Other foreign tourists find the facilities in Bamian somewhat wanting. Asser's criticism of the roads - valid for most of the country - was echoed by others who also condemned the standard of hotel accommodation on offer in Bamian.
“There aren’t cars for tourists and there are no good facilities for tourists in the hotels,” said Robyn Langford, a British national who has lived in Afghanistan for eight years and who, along with eight colleagues, was visiting the Buddha niches.
The ministry acknowledges difficulties but points out that in the past six months, it has opened seven tourist centres across the country. It has also produced some guidebooks and brochures in English, German, French and Dari and hired staff for hotels in each of the seven centres.
Bamian has four hotels, three private and one government-run. Most tourists prefer to stay in the latter, which charges around 40 dollars a night including meals. Located on a hill opposite the Buddhas’ cliff-face, it has 28 twin-bed rooms and generator-powered electricity for part of the evening.
Commenting on the complaints from tourists, deputy hotel manager Haji Mohammad said, “We don’t have the authority to buy even a box of matches or a glass. We have to ask the relevant officials in Kabul for everything we need.”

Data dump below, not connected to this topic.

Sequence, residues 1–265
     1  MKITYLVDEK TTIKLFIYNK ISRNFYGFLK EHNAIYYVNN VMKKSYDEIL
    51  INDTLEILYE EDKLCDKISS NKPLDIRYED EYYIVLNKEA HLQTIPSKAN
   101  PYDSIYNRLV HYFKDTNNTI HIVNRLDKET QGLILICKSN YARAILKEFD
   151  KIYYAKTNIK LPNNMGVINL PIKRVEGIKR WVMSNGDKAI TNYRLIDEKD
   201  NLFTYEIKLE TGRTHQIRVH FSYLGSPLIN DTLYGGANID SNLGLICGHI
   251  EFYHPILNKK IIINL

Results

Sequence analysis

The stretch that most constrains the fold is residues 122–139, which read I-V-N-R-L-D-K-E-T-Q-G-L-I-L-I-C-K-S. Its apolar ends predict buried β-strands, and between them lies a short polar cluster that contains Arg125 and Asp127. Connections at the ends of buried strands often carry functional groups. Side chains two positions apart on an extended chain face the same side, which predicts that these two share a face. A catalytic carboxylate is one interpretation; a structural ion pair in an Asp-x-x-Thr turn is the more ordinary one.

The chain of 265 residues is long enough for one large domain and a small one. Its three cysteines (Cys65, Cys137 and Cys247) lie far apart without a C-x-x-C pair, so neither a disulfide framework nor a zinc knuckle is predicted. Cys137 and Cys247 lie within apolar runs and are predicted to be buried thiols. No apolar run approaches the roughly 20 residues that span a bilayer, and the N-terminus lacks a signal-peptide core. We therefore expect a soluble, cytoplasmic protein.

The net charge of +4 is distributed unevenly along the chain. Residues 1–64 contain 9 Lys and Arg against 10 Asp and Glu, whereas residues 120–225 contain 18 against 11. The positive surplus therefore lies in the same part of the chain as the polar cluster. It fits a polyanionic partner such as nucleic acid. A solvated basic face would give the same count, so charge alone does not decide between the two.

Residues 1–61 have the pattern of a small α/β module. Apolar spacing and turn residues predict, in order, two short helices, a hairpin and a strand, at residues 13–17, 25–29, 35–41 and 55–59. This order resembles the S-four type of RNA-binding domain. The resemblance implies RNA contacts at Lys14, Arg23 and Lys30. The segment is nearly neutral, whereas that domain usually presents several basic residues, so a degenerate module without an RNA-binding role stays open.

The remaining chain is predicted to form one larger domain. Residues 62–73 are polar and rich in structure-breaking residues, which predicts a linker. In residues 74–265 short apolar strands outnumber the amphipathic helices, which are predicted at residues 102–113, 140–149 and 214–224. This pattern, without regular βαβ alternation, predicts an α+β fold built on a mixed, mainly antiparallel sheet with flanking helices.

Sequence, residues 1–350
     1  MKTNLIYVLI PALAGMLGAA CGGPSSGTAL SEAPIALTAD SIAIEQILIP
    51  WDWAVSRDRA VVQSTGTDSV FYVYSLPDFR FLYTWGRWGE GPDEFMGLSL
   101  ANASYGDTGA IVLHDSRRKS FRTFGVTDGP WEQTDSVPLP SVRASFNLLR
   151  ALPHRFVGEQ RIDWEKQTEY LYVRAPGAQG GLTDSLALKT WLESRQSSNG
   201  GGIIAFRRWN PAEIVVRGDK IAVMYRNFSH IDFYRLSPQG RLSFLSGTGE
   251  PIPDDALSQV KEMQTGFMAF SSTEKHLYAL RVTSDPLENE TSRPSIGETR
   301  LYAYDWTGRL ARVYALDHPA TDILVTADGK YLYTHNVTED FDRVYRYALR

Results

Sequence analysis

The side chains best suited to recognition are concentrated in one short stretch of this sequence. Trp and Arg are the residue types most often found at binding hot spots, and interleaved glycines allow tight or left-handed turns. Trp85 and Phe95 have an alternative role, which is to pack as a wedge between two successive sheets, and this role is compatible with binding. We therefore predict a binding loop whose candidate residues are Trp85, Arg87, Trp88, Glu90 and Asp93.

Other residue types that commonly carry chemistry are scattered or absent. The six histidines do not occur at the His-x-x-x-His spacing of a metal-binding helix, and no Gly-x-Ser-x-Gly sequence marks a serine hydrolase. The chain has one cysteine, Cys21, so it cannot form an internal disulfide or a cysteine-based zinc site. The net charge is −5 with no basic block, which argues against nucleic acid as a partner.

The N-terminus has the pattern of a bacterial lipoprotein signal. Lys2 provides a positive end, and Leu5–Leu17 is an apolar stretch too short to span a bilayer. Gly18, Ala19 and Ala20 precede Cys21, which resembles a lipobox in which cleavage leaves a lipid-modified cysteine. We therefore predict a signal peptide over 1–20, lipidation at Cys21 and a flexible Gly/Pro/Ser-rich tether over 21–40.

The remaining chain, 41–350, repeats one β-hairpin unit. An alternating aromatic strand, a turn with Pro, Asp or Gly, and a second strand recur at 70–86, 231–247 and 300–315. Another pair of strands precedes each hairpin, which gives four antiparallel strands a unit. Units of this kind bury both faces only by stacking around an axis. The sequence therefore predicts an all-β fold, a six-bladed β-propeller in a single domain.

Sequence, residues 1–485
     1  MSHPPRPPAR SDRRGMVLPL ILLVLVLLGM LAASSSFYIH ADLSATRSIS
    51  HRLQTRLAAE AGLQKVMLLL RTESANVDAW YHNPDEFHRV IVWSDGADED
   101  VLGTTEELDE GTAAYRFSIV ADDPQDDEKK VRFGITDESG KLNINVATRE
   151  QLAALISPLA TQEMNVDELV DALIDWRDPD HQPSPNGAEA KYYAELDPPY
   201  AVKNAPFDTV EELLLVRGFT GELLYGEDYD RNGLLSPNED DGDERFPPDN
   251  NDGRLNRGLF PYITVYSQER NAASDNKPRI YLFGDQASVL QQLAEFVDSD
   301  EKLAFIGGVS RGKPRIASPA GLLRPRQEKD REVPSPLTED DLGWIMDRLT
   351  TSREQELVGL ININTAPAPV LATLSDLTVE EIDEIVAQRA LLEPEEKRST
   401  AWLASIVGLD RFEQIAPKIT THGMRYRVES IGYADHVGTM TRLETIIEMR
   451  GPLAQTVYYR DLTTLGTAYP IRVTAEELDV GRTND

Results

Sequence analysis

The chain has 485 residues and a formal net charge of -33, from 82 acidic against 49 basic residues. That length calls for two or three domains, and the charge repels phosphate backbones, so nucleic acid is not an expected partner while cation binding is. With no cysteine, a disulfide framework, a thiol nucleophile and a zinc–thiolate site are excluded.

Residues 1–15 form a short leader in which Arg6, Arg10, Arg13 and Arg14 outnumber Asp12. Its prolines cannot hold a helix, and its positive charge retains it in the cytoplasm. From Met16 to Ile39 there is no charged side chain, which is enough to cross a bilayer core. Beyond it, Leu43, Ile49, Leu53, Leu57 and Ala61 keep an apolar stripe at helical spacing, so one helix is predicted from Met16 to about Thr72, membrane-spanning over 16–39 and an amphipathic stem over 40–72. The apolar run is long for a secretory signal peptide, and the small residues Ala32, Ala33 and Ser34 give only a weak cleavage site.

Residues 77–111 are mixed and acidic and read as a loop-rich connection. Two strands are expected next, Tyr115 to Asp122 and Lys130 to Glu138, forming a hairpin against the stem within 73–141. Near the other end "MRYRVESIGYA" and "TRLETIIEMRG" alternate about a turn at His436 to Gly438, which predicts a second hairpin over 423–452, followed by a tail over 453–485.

Deputy minister Nasrullah Stanekzai refused to offer figures or detailed plans for how the government planned to revive the tourism industry, saying, "We cannot reveal our budget; we can only tell this to parliament."
But in general terms, he said, a new town was planned for Bamian, about five km away in the Mullah Ghulam desert, to keep the old town unspoiled.
Bamian city, the capital of a province with about 600,000 residents, has no mains electricity or municipal water system, paved roads or pavements. To get here from Kabul means either travelling in a crowded communal taxi, at about 600 afghanis a person (about 12 dollars) or hiring a private car for 4,000 afghanis (80 dollars) for up to six people to travel one-way.
During his visit, Asser criticised western media for portraying Afghanistan as a nation of violent terrorists.
"Now that I have come here, I see that all those things… are not true. Afghanistan is a nice country and its people are very friendly," he said.
He was speaking shortly before the bodies of two Japanese tourists were discovered in Kandahar province and a British lorry driver was kidnapped and killed. Meanwhile, fighting between police, troops and Taleban militants continues to claim lives on a daily basis.
Geoff Hann, who runs the British company Hinterland Travel, said security was improving but he hired local vehicles to travel around in, so as "to keep a low profile". In conflict areas like Kandahar, visits were "in and out", he added.
"Afghanistan has been off the map for a long time. I did not come here from 1980 to 2001 and there are still problems including food and the standard of sanitation," said Hann.
Both the British Foreign Office and the US Department of State advise against travel to Afghanistan. But some westerners still insist on making the trip.